The cast of Eastenders versus vampires? This film's a Dead Cert!

Yes, this happened. Dead Cert took a selection of B-level London actors, along with the great Steven Berkoff and Danny Dyer, and pit them against a gang of Blade-style vampires.

Can such a formula conceivably produce anything worth watching? Hit the jump to find out...

Confession time: the first time we watched Dead Cert, we weren't paying any particular attention as we were certain it would be a load of tosh. It opened with a plotline ripped right out of a London soap opera. Craig Fairbrass (Dan in Eastenders) is a London gangster gone straight, setting up a strip club to support his 'footballer's' wife and unborn child, with the help of various hangers on including DayHWStoodStill-favourites Dexter Fletcher and Jason Flemyng.

A bunch of Romanian gangsters led by Billy Murray (Johnnie in Eastenders), show up and bully their way into a deal to take over the club, co-incidentally ruining Fairbrass' life. When Fairbrass reaches his breaking point, he grabs a bunch of his heavies and heads to the club to have a 'conversation'. Unfortunately, the Romanians' heads aren't as kickable as hoped and things go all From Dusk Till Dawn. They're all vampires and they've turned all the strippers into bloodsuckers too. Fairbrass and friends end up locked in a basement with Steven Berkoff, who turns out to be the cockney version of Van Helsing.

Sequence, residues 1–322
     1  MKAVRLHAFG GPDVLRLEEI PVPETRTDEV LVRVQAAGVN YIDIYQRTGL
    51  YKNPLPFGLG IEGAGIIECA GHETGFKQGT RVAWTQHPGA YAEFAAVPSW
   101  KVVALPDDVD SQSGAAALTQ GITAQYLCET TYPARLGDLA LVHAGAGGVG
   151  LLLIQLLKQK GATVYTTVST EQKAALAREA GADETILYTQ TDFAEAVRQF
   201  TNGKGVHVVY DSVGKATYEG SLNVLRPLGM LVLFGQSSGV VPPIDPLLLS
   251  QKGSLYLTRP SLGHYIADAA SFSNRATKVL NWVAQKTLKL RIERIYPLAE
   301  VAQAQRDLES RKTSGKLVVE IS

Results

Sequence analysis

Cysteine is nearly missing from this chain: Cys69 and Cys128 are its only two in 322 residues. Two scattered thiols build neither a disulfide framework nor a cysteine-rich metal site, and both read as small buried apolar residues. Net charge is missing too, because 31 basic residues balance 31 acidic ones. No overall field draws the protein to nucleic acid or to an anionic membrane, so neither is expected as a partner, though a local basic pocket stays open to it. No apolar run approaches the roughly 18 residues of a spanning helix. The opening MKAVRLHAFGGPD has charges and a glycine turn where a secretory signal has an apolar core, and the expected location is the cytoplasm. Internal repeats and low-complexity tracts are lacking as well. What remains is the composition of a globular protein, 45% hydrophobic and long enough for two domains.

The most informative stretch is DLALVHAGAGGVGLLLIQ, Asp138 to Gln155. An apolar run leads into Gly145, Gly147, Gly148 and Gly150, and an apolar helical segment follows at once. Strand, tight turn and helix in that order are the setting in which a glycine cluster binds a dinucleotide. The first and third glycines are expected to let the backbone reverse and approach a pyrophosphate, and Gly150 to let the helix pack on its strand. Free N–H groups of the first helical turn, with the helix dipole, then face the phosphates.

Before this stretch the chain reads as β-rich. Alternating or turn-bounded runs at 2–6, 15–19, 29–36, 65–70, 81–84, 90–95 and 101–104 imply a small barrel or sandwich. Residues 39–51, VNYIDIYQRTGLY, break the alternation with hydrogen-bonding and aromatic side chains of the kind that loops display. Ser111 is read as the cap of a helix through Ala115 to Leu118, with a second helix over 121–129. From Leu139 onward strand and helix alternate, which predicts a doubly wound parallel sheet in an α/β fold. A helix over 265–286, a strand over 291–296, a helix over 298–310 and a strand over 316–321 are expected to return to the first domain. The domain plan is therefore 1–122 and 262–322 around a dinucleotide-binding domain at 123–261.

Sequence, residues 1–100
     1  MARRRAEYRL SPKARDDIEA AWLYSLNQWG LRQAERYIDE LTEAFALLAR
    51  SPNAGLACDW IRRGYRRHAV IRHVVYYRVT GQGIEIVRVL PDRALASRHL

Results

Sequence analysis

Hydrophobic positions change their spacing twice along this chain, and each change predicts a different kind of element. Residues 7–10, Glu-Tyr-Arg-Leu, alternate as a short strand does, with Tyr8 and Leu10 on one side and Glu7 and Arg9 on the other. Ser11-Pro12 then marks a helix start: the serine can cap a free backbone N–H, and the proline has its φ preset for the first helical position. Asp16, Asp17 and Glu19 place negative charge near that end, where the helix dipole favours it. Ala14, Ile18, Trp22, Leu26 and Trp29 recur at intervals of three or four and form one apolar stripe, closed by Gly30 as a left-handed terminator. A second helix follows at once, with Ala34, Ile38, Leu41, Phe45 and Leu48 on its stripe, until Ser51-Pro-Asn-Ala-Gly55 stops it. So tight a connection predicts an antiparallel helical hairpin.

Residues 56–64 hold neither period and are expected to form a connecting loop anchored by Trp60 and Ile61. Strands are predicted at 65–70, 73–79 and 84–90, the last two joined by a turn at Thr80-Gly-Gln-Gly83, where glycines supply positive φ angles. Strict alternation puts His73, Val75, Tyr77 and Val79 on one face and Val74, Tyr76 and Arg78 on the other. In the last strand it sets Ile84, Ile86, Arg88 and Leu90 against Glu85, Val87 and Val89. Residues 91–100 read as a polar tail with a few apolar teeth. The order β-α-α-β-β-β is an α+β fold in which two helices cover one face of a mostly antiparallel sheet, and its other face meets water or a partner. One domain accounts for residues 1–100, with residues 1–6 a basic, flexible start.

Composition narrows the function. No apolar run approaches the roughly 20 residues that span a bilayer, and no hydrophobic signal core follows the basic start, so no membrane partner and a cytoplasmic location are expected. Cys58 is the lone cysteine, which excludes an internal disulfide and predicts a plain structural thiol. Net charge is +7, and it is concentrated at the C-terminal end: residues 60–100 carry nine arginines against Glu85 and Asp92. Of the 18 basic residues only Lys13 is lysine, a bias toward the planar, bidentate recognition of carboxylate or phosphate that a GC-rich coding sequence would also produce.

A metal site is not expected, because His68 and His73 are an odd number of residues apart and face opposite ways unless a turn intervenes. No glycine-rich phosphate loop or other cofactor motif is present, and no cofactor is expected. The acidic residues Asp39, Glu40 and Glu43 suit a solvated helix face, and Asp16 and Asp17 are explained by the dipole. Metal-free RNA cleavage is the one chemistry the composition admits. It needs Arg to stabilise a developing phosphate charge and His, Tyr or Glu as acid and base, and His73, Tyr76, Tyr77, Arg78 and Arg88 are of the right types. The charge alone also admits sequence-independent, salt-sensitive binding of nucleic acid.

That's about when things get interesting. Berkoff begins to reel off some intriguing variations on vampire mythology. Crosses only work if you're Christian, whereas any object that symbolises your personal faith, from a Star of David to a photo of your kids, has just the same effect. If you're bitten by a vamp, but not killed, you live as normal, but, once bitten, when you die, then you turn. The vampires, on the other hand, have dominated various civilisations throughout history; they were the reason, for example, that guillotines were used during the French revolution, as many aristocrats were vampires.

The action from there is mediocre, but there's enough intrigue to propel things along and we made a point of watching the film again from the beginning. It may not be exactly original, but a lot of intelligent thought has been put into the plot and there's just enough drama and acting chops to keep the characters endearing and even the early scenes were a better watch second time round. Hard as it is to believe, the film works, and it even sets up for a sequel. Dot Cotton: Werewolf Hunter, anyone?

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